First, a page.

I’ve found the Triarchy TSA5G35 USB spectrum analyzer helpful in identifying signals for more detailed analysis with the TV28T. At $599, it isn’t cheap, but I’ve found it worthwhile even with its limited measurement capability. The extended frequency range, from 1 MHz to 5.35 GHz, makes it useful for checking 2 GHz BAS links and tweaking antennas. Since I wrote about the TSA5G35 last July, Triarchy has introduced a $529 analyzer, the TSA4G1 covering 1–4150 MHz, the $629 TSA6G1, covering 1–6150 MHz, and a microwave-only unit, the $999 TSA12G5 covering 4.9–11.1 GHz and 11.1–12.5 GHz.

ADAPTERS, ANTENNAS AND SOFTWARE
In addition to these USB devices, you’ll want some adapters. The Aero-M and TV28T both require MCX-type connectors. The Aero-M comes with an F-adapter that will also work with the TV28T. The TSA5G35 has an SMA input, so I’d recommend getting a short BNC female to SMA male cable. An assortment of adapters to other common RF fittings and a few attenuators will come in handy.

For antennas, you can use one of the antennas that comes with the Aero-M or TV28T for less demanding applications and add the Mohu Leaf Ultimate with its built-in USB powered preamp for more reliable TV reception. It isn’t much larger than a sheet of paper and is thin enough slip inside most computer bags.

Fig. 2: Channel 50 CES Spectrum Display

Once you’ve assembled the hardware, you’ll need software to make full use of it. While the Aero-M comes with WinTV software, it isn’t very useful for troubleshooting and even lacks a program guide. A much better solution is TSReader, which will show all of the PSIP data, count errors, measure bit rates (average and real- time) and even record the full multiplex for analysis later. When tracking down a problem with PSIP, having the ability to record the multiplex and upload it for remote analysis is handy. Visit www.tsreader.com/legacy for details on features and pricing. You may also want to consider an ASI-to-USB adapter for use with TSReader.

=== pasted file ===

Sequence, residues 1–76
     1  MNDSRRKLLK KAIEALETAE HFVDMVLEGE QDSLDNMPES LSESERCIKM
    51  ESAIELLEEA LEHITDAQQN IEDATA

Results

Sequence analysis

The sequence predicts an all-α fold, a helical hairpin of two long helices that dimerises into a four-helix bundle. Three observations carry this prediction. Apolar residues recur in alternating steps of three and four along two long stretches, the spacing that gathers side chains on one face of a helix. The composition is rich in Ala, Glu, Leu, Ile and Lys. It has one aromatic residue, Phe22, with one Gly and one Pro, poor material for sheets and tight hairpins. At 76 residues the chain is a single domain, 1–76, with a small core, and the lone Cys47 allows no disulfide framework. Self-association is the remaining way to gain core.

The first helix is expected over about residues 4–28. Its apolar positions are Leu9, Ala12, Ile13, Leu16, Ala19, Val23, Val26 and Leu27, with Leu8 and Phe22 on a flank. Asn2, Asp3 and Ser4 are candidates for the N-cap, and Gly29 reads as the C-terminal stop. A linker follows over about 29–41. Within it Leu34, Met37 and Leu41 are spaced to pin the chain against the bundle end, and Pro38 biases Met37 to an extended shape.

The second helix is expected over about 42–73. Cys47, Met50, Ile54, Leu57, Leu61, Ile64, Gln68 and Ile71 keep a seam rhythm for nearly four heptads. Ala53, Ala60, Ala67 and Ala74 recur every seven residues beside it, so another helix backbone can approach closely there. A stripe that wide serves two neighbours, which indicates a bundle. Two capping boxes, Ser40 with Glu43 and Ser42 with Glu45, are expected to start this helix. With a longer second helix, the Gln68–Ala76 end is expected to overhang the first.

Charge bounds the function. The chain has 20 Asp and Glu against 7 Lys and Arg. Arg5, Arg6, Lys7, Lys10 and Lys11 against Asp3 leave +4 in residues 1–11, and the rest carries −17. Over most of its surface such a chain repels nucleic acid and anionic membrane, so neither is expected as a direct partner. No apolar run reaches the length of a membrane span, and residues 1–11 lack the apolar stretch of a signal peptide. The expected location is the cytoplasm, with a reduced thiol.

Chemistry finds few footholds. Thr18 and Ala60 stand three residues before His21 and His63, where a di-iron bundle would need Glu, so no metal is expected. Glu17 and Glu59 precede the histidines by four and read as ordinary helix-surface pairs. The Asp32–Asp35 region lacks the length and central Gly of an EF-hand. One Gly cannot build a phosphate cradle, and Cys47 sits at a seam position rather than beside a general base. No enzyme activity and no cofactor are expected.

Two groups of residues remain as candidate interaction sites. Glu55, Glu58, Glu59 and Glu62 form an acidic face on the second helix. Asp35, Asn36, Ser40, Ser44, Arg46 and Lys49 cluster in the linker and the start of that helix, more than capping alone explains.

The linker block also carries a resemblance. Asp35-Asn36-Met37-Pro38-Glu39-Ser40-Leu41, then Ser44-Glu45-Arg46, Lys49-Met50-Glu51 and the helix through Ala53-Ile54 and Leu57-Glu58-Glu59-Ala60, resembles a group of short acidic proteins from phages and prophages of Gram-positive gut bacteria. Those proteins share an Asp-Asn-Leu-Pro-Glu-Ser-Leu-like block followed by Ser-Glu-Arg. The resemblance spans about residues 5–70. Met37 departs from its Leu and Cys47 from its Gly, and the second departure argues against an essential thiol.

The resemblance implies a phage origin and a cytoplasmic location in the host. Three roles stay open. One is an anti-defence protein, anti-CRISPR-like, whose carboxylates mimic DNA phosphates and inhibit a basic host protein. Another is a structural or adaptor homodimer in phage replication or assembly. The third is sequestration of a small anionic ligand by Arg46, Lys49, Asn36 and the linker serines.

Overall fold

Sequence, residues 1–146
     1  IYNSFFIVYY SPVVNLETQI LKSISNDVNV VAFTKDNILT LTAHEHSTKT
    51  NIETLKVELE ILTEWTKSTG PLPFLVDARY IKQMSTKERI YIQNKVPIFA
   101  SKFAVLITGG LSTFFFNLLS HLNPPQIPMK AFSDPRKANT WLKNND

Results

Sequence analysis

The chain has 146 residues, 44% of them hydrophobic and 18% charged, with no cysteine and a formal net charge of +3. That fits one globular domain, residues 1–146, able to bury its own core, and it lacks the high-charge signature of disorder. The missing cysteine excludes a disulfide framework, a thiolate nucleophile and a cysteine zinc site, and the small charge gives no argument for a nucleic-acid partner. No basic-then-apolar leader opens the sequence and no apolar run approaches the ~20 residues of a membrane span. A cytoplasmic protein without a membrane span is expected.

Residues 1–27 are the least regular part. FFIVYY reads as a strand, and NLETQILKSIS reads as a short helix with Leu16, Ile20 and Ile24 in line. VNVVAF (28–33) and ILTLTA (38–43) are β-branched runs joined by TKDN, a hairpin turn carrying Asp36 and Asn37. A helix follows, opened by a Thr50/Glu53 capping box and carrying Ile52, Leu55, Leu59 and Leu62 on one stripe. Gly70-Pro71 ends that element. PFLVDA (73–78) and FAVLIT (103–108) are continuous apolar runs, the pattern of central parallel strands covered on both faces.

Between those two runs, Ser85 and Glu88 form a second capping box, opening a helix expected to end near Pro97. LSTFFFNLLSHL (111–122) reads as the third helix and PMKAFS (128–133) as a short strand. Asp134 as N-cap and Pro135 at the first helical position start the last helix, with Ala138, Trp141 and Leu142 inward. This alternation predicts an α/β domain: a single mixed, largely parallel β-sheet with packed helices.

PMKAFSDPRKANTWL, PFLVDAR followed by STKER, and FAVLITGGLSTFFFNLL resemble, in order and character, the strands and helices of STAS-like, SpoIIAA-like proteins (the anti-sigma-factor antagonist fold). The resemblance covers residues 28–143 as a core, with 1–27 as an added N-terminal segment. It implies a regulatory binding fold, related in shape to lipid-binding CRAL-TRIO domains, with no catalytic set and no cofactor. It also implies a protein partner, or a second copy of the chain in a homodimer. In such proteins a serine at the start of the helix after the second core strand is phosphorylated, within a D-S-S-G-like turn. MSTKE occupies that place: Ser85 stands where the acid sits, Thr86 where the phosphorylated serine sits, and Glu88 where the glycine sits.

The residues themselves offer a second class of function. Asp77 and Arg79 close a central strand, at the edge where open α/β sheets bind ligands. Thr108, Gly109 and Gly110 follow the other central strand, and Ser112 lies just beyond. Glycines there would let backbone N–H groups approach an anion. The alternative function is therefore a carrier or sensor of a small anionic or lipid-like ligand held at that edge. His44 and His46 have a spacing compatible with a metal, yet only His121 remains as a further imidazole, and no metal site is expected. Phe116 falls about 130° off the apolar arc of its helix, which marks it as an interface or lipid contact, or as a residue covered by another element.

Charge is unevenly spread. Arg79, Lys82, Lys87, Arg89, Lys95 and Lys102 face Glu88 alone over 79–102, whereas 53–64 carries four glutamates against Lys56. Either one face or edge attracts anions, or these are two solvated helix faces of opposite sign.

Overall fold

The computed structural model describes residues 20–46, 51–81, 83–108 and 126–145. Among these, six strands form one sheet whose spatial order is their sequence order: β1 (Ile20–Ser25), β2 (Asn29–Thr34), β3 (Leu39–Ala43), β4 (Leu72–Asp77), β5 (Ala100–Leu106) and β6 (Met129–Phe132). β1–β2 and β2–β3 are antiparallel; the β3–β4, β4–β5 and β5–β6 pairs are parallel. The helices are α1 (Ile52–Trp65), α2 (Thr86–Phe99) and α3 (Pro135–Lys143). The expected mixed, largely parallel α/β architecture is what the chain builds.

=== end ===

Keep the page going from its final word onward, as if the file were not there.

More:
I carry an Alitronika AsiPOD. The company also has a range of USB controlled RF test gear for ATSC and DVB. The TV28T SDR software is free and the simplest option for Windows is SDR#. It has enough flexibility to be used as a spectrum/ signal analyzer as well as receiver. Fig. 1, a screen capture from SDR#, shows the difference between the Ch. 50 COFDM signal (top) and Ch. 40 ATSC (bottom) signal I grabbed at International CES. Some of the visible differences are the channel edge roll off, lack of a pilot carrier approximately 310 kHz up from the band edge on the COFDM signal and lines showing the carriers in the OFDM signal. Note that the lines in the spectrum display are a sampling alias, not the individual 27,841 actual carriers. SDR# will work on Linux, but you can use GNURadio to build your own SDR with signals from the TV28T. Another option for Linux is the gqrx SDR.

Fig. 2 shows the Ch. 50 spectrum display from my Triarchy TSA5G35, using the software provided with the unit.

I’d be interested in what RF tools you have in your carryon or laptop bag. Email me at dlung@transmitter.com.